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An Introduction to Teradata OLAP CapabilitiesThe Teradata SQL commands, using Teradata SQL Assistant, used for illustrating Teradata OLAPcapabilities are based on the following data structure.Dillard’s Department Stores Sales TransactionsAcademic Units, faculty and students, that are members of the Teradata University Network -- freemembership at http://www.teradata.com/t/page/137474/index.html, have access to a year of retail salesdata from Dillard’s. Sensitive data has been removed but the data is very realistic and a rich environmentfor students and faculty for learning data base, data warehousing and OLAP concepts. Practice withlarger more realistic datasets provides enriched learning opportunities not otherwise available. Theua dillards database consists of 5 tables with more than 120 million rows already populated in theTRNSACT table for your use. The data was provided by Dillard’s Department Stores, Inc. and containsthe sales transaction data for August 2004 through July 2005 for 453 Dillard’s stores.Use this link p.asp?show tunregistrationto get a University of Arkansas Account. From the drop down under Teradata University Network,click Member Information and complete the request forms. You may also refer to the “How to become aTUN member ” documentation up in the University of Arkansas TUN website for more information andTeradata basics. Link specified above.Once you receive your University of Arkansas Teradata account, access will be via remote desktopconnection. Remote access documentation is at the following te Desktop TUN.pdfTeradata University Network Enterprise Systems, Walton College of Business1

Example 1 - (Examples 1-3 do not use any special OLAP features)Dillard’s management wishes to know the best performing stores (by city) in terms of total sales for theperiod of August 2004 through July 2005 (note that the Dillard’s covers these dates)SELECT s.store, s.city, sum(amt) as TotalSalesFROM ua dillards.trnsact tINNER JOIN ua dillards.strinfo sON t.store s.storeGROUP BY city, s.storeORDER BY 3 DESC;123456789STORECITY8402 METAIRIE504 LITTLE ROCK1607 DALLAS2707 MCALLEN9103 LOUISVILLE7507 HOUSTON2203 OVERLAND PARK2007 SAN ANTONIO9304 OKLAHOMA 9520350217.Example 2 -- using a WHERE clause to join instead of INNER JOINSELECT s.store, s.city, sum(amt) as TotalSalesFROM trnsact t, strinfo sWHERE t.store s.storeGROUP BY city, s.storeORDER BY 3 DESC;Note that in both cases, the database name was used to qualify the table. In Teradata, one canspecify the database which then allows creation of the SQL statements without the databasename qualification. The following SQL illustrates this capability.DATABASE ua dillards;SELECT s.store, s.city, sum(amt) as TotalSalesFROM trnsact t, strinfo sWHERE t.store s.storeGROUP BY city, s.storeORDER BY 3 DESC;The DATABASE statement specifies the current database and remains in effect until anotherDATABASE statement is executed.Teradata University Network Enterprise Systems, Walton College of Business2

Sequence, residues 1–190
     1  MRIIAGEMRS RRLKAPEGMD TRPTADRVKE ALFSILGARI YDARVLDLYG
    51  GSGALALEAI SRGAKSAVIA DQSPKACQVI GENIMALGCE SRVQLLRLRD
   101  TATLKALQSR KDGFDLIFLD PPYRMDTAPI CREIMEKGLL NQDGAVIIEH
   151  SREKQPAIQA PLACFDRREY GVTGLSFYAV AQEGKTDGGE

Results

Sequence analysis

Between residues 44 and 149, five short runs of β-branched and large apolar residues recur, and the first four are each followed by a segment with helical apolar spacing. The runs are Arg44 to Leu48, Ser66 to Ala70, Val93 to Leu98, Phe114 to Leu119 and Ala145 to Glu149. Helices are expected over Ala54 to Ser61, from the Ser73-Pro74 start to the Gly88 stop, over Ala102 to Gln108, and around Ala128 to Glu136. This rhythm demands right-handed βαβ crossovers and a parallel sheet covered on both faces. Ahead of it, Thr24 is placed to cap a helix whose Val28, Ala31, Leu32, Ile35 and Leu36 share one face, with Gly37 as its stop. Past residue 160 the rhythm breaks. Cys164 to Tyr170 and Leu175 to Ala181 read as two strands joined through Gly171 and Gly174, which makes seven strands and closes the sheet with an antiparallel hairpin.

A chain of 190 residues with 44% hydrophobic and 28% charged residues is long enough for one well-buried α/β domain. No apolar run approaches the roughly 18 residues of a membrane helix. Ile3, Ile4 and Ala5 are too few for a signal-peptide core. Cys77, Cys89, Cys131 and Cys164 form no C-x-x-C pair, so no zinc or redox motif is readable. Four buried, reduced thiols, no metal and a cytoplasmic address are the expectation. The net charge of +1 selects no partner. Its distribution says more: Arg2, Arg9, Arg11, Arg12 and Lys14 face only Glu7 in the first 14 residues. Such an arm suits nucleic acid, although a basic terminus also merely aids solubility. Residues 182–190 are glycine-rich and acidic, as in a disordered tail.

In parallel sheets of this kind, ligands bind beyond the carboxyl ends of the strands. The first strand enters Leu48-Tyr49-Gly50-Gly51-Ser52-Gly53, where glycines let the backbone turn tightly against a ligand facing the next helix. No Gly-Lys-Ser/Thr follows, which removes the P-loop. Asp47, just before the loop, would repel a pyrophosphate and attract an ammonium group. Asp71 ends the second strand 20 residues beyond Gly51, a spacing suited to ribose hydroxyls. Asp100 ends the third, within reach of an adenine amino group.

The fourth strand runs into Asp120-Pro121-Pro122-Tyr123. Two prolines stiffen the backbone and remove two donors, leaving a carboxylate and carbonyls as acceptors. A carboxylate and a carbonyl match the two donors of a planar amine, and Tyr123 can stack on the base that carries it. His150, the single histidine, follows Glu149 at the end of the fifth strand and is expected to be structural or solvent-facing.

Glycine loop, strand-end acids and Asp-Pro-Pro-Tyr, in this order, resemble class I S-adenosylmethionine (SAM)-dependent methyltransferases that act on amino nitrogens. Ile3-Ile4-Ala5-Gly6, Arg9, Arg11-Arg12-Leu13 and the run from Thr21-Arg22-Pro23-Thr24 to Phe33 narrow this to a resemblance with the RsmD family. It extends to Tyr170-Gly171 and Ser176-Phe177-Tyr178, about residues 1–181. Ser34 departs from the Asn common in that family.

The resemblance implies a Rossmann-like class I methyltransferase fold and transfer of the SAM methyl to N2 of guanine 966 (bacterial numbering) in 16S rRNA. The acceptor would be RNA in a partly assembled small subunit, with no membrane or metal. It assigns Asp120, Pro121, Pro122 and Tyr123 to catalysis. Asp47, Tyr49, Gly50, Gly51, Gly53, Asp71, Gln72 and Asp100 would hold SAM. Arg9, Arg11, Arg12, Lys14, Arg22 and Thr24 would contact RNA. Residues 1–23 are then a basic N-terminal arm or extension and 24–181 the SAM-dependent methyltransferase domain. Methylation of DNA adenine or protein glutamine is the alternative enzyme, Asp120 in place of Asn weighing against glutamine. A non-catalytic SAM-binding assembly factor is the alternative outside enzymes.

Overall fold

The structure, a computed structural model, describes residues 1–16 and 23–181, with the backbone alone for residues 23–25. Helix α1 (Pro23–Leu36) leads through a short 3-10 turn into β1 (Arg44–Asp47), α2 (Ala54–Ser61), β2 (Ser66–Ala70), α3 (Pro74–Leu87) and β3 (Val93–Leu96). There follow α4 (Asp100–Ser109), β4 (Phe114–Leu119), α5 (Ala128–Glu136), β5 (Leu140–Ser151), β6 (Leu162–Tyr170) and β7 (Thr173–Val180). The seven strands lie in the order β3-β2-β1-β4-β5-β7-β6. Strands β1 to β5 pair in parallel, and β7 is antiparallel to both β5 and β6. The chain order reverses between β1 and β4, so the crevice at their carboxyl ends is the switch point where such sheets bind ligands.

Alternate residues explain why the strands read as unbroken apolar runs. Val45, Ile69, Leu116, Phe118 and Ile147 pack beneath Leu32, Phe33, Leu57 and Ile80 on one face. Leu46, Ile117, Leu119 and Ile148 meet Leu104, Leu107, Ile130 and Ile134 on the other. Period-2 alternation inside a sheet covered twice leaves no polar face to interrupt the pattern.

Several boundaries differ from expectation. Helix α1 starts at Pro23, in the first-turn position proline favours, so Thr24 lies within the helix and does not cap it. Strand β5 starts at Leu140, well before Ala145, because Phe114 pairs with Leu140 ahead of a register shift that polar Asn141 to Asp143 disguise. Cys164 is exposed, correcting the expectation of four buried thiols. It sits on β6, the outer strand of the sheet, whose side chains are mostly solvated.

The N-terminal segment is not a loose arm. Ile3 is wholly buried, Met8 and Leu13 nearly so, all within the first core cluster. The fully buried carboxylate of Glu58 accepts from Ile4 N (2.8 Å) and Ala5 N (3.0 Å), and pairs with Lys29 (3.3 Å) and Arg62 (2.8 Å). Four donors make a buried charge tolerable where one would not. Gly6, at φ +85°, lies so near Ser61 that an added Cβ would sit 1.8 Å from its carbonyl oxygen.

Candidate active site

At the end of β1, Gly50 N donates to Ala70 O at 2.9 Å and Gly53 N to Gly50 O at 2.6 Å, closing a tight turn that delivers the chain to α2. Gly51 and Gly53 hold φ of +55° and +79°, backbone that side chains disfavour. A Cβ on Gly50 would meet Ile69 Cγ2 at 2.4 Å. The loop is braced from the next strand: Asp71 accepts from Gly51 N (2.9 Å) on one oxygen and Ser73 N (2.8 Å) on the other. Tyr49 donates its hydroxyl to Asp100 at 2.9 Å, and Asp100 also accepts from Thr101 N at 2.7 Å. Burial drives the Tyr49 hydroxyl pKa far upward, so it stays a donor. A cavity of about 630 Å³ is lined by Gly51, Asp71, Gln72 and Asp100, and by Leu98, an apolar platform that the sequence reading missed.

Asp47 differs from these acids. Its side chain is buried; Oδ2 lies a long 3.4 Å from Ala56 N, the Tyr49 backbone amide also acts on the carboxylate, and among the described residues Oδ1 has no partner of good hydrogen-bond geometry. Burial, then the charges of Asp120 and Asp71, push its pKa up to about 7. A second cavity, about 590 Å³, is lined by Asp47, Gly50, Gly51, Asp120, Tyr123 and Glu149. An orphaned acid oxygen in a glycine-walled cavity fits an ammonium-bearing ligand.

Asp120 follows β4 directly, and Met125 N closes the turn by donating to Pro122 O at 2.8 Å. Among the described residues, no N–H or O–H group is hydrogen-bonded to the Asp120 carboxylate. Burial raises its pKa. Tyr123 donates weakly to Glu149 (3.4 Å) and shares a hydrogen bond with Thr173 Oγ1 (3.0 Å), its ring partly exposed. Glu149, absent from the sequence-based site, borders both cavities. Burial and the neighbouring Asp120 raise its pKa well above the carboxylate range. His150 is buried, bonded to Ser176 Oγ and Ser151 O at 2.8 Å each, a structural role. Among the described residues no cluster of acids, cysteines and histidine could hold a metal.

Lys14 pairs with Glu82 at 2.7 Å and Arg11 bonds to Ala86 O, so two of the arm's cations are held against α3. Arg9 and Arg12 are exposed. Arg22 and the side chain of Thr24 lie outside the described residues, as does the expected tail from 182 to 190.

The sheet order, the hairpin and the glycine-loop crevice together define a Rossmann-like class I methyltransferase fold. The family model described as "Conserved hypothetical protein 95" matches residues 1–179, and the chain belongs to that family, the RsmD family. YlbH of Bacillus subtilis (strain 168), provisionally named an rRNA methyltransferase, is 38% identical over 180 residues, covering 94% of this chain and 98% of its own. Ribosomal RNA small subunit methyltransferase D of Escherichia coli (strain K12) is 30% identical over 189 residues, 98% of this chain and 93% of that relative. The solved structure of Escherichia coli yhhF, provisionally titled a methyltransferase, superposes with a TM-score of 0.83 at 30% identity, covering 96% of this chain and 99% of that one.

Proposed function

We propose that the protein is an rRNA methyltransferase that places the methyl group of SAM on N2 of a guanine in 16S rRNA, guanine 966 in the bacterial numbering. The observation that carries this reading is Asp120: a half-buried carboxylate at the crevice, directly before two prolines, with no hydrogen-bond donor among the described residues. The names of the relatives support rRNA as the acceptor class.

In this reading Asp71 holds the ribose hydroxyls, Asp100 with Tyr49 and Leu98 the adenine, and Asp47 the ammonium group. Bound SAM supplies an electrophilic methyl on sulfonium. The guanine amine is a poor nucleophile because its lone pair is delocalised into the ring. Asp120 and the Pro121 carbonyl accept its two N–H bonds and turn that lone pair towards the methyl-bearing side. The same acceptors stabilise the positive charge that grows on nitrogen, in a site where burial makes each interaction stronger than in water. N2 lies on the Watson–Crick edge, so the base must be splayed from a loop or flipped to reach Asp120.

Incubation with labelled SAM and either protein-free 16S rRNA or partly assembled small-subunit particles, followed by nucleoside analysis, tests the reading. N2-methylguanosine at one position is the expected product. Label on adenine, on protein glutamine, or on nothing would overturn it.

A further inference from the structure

Example 3Dillard’s management wishes to know the vendors and associated dollar amount of sales for the brand“Liz Clairborne”. The results should be from largest sales to smallest sales.SELECT k.brand, k.vendor, sum(amt) as TotalSalesFROMua dillards.trnsact tINNER JOIN ua dillards.skuinfo k ONt.sku k.skuGROUP BY k.brand, k.vendorORDER BY 3 DESC;12345678910BRANDCLINIQUEPOLO FASLANCOMEEMMA JAMLIZ CLAIPOLO FASBROWN SHHART SCHCHANEL IVENDOR TotalSales5511283 244726813.935715232 208298981.490113645 165503299.303313116 74356782.775531254 34496517.435745232 33268376.360060904 32418606.107045883 30127404.306041161 29571162.76ORSELECT k.brand, k.vendor, sum(amt) as TotalSalesFROMua dillards.trnsact tINNER JOIN ua dillards.skuinfo kONt.sku k.skuWHERE k.brand LIKE'%LIZ CLAI%'(to retrieve only Liz Claiborne)GROUP BY k.brand, k.vendorORDER BY 3 DESC;Teradata University Network Enterprise Systems, Walton College of Business3

OLAP – On-Line Analytical Processing FunctionsUsing OLAP to Analyze Data On-Line Transactions Processing (OLTP) for recorded transactions from terminals On-Line Complex Processing (OLCP) for very complex queries On-Line Analytical Processing (OLAP) provide the ability to analyze large amounts of data(historical, transactions, trends, ) and provide data mining capabilitiesSimilar to Functions, but more Like aggregate functions, OLAP operates on groups of rows and permit qualification andfiltering. Unlike aggregate functions, OLAP return the individual row detail data and not just a finalaggregate value.Basic Teradata OLAP Functions:CSUM – (Cumulation)MAVG – (Moving Average)MSUM – (Moving Sum)MDIFF – (Moving Differences)RANK – (Rankings)QUANTILE – (Quantiles)SAMPLE – (Sampling)Teradata University Network Enterprise Systems, Walton College of Business4